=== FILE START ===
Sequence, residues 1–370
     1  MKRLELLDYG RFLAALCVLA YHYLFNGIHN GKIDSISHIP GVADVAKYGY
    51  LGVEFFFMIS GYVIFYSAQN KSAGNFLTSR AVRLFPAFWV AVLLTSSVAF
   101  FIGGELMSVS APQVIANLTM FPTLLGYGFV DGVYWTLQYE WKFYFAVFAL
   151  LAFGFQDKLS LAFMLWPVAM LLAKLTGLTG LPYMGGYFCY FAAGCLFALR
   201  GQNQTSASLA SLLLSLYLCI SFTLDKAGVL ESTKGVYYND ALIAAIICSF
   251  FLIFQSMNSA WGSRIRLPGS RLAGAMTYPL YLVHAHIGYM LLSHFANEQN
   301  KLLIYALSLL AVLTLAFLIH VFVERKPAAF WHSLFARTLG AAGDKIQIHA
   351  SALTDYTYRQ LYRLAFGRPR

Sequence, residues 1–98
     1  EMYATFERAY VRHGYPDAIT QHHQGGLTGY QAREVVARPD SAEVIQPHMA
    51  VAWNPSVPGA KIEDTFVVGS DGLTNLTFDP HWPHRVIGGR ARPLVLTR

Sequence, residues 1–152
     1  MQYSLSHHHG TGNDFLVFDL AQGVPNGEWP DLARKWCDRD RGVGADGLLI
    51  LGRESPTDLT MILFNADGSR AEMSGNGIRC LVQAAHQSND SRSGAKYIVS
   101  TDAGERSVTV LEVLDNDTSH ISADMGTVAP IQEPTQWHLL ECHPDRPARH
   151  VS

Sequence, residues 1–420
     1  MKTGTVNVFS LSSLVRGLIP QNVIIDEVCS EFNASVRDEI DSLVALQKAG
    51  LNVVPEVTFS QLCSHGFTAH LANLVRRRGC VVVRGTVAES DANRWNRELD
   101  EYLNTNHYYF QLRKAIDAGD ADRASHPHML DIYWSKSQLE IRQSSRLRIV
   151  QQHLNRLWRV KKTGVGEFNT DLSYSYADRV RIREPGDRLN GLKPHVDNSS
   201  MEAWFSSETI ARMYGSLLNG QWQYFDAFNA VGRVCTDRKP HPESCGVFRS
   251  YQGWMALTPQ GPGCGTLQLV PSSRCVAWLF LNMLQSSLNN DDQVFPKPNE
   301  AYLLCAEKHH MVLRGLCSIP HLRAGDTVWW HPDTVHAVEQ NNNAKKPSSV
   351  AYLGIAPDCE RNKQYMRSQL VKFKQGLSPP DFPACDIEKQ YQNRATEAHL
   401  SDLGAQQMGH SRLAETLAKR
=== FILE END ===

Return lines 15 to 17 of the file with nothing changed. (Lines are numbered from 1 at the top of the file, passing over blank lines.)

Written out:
    51  LGRESPTDLT MILFNADGSR AEMSGNGIRC LVQAAHQSND SRSGAKYIVS
   101  TDAGERSVTV LEVLDNDTSH ISADMGTVAP IQEPTQWHLL ECHPDRPARH
   151  VS